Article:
Chamomile Basics

It’s a hectic world out there — small wonder that chamomile is so popular. After fighting traffic to and from your job, meeting deadlines at work, chasing a child around the house who doesn’t want to take a bath or even wear clothing, or whatever your day is full of, a cup of chamomile is the perfect pre-beddie-bye-time beverage.

Chamomile photos – click to see details:

One of the most popular and well-known floral herbals is chamomile (also sometimes spelled “camomile”). Chamomile is a flower that is similar in appearance to the daisy and is in the same botanical family. Snow white wide, flat petals encircle a sunny yellow somewhat spherical center that is much larger than a daisy’s.

This flower has been part of the herbalist’s “toolkit” since ancient Egyptian times, where it was used as a cure for malaria and was dedicated to the sun god, Ra. I’m sure that writer Ellis Peters had crime-solving-soldier-turned-herbalist-monk Cadfael using it to treat the various ills around the monastery in Britain during the 12th century. These days, the two main species of chamomile noted for their medicinal uses are Roman chamomile and German chamomile (don’t let the names fool you, since they are grown elsewhere). However, Egyptian-grown chamomile (usually the Roman kind) is widely noted as far more fragrant and flavorful than others. Another sign that terroir matters.

Chamomile when paired with peppermint has a reputation for aiding digestion and when paired with lemon grass for relaxing nerves. (Caution: Lots of health claims for herbals, including chamomile, are mostly anecdotal and not supported by clinical trials.) One thing I can say from personal experience is that it is relaxing and makes me sleepy. I can’t drink chamomile more than a half hour before bedtime, or I’ll conk out wherever I am sitting, standing, driving, etc. If you have hayfever, be careful about herbals like chamomile, which is part of the ragweed family (a known allergen). They can aggravate your symptoms.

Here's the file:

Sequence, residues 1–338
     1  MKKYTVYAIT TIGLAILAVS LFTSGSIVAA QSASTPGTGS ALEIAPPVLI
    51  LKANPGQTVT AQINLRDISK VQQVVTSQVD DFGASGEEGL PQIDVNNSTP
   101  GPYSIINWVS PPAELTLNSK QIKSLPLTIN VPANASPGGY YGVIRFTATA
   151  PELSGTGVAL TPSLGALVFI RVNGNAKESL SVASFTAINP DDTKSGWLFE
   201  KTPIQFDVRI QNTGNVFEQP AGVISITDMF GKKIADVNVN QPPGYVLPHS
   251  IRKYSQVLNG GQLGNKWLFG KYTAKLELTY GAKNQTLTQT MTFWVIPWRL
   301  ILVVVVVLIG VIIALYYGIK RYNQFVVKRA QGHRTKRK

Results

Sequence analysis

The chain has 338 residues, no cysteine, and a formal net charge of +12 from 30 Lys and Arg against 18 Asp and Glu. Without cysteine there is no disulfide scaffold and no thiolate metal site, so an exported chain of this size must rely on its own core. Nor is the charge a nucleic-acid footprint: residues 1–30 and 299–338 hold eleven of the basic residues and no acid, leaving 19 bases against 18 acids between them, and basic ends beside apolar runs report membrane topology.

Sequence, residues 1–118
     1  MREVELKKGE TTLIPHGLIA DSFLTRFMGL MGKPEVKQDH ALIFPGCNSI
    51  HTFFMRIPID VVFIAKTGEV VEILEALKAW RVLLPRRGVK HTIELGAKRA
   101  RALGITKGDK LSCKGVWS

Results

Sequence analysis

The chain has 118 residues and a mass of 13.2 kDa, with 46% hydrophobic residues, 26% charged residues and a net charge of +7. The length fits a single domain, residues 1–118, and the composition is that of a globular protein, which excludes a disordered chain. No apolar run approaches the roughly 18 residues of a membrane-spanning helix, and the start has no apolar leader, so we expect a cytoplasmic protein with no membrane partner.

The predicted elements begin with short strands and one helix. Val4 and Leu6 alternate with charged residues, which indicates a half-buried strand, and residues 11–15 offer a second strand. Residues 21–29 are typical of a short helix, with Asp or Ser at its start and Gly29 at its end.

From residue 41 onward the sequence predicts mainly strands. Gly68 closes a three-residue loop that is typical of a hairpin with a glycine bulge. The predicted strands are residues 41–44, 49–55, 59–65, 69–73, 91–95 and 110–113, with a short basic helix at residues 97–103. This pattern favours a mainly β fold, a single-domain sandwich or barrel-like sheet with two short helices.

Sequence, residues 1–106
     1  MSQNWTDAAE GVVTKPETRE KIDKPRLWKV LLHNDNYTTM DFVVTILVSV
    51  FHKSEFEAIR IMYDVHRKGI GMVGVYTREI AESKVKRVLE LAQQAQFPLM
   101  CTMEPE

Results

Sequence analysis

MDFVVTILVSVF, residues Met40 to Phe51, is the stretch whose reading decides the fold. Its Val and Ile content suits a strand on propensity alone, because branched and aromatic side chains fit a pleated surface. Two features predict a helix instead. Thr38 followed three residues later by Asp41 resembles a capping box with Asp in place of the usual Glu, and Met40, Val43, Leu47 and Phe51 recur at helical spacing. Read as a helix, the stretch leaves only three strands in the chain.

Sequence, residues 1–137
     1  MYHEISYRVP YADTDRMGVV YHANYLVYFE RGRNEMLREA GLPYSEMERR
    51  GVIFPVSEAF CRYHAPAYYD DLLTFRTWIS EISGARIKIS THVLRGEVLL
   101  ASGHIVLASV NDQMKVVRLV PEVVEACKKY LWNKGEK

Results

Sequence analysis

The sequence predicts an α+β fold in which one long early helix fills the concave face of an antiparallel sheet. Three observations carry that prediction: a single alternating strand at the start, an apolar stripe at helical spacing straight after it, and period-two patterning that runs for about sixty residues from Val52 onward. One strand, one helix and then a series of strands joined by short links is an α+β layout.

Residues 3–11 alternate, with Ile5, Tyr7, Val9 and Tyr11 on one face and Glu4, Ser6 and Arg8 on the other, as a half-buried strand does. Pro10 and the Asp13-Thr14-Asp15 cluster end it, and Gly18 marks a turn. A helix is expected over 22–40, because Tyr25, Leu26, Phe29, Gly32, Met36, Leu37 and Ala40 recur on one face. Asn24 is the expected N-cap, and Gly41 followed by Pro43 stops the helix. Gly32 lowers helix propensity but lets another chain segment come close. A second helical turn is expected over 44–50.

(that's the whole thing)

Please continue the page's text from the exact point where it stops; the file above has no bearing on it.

Some health effects chamomile is purported to have:

  • Digestive aid (relieves acid indigestion, abdominal pain, and intestinal gas, and helps in cases of diarrhea, constipation, and peptic ulcers).
  • Anti-allergenic (unless you are prone to hayfever).
  • Relaxing and sedative-like, including calming restless children and hectic-lifestyle-frazzled adults.
  • Anti-inflammatory and antibacterial.
  • Easing colic and teething pain in babies.
  • Relieving headache and reducing fever in colds and flu.

External uses include an eye wash that is reported by some to soothe conjunctivitis, a hot compress to soothe burns and scalds, and a hair rinse to brighten hair. Wow! Quite a reputation to live up to.

Chamomile is a tasty addition to many recipes, from creamy risotto and fried chicken to sweet treats like cream puffs and pancakes. Recipes can call for both steeped chamomile and whole chamomile flowers (as decoration, usually). Try substituting a strongly steeped chamomile in a recipe that calls for tea or things like chicken broth. Here’s a chance to be adventurous in the kitchen, adding a healthy and exotic taste to one of your tried-and-true recipes.

When buying chamomile infusions (often misnamed “teas”), look for Egyptian-grown chamomile. Also, be sure to deal with a reputable vendor to assure you get true chamomile, not pineapple weed, which is sometimes substituted and can cause strong allergic reactions in hayfever sufferers (more so than from true chamomile). Follow package directions to get the proper steep and, thus, the best benefits.

Time for beddie-bye and a cup of chamomile. Cheers!

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